In a European group much controversy recently arose about questions of ethical and scientific aspects of regression and even “elitist” claims in that respect. The discussion about this concerns everyone everywhere who works with regressions and needs to be taken to a public level in the professional community. I herewith wish to give answers to criticism and outline a basis for our work.
What are souls?
One point of criticism is that everyone speaks about souls and even soul fractions and yet no one seems to be able to define them.
If there is no self that survives the death of the body, there is no reincarnation and past-life regression is nonsense. The only valid form of regression is the attempt to go back into memories from the childhood and, at most, the prenatal state in the womb.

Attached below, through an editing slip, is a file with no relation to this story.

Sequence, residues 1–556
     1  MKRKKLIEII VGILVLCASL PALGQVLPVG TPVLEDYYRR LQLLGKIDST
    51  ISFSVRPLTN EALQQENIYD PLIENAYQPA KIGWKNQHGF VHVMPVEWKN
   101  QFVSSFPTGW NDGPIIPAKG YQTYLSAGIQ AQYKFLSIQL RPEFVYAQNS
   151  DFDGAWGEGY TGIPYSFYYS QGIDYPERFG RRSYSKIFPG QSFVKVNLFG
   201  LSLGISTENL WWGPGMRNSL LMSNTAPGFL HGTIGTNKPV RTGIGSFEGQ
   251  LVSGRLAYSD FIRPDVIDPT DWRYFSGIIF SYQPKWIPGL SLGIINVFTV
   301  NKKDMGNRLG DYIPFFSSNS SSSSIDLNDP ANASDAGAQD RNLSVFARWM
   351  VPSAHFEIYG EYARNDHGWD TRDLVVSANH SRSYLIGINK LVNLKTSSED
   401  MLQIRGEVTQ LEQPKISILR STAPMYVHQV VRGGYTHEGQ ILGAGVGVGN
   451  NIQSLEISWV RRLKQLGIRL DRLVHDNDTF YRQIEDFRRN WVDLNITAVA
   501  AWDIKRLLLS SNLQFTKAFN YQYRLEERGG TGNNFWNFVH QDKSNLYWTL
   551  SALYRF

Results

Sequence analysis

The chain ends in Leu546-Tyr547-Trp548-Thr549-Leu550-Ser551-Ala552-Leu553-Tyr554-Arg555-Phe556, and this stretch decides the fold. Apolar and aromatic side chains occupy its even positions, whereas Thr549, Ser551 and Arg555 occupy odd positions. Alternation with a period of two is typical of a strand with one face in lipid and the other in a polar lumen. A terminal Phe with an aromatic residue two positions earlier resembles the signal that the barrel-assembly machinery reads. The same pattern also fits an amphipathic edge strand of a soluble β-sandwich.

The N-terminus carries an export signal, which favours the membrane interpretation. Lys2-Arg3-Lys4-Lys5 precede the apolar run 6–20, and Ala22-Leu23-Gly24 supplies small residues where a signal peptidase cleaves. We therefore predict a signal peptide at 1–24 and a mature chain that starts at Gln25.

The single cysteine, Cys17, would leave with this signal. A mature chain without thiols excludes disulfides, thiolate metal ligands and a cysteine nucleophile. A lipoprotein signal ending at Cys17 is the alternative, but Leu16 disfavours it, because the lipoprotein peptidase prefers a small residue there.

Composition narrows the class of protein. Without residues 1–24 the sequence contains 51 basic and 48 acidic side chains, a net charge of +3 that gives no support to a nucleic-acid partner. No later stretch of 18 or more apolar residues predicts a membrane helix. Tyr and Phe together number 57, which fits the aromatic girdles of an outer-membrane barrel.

But what is a soul? Since we do work with regression under the hypothesis or theory of reincarnation, it is obvious that we deal with souls. For us, a simplistic and pragmatic definition is quite sufficient: the soul is your self in a state that can exist without a body. Various doctrines, religions, and philosophies talk about divisions of this self in at least two parts: soul and spirit and up to five and more parts like various sheaths (Sanskrit: kosha) or levels which constitute a kind of “anatomy” of that self. It is of little or no value to be concerned with that in the practical work with regression. For practical purposes we may simply regard the soul to be all of that together.